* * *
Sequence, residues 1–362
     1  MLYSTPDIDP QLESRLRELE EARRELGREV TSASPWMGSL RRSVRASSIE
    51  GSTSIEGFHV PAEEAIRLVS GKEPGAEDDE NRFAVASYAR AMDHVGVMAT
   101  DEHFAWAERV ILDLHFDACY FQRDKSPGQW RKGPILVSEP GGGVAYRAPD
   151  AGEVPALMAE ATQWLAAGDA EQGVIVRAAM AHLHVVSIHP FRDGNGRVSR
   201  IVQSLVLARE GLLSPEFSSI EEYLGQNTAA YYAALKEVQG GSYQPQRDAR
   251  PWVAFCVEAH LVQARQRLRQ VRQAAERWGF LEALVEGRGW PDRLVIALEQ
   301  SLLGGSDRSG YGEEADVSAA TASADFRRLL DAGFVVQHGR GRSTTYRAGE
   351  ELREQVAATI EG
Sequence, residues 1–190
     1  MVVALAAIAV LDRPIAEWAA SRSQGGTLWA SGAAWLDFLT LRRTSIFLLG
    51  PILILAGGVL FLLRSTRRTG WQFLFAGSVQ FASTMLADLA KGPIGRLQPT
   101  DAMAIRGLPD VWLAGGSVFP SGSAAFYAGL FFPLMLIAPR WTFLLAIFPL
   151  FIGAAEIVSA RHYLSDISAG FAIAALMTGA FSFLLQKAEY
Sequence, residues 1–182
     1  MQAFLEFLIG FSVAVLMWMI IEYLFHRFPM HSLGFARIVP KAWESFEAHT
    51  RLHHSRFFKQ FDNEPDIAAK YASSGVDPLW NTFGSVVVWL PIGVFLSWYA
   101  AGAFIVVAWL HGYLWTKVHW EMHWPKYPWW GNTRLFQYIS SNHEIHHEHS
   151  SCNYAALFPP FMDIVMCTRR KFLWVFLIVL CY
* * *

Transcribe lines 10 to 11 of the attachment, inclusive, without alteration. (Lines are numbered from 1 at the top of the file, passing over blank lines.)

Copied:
Sequence, residues 1–190
     1  MVVALAAIAV LDRPIAEWAA SRSQGGTLWA SGAAWLDFLT LRRTSIFLLG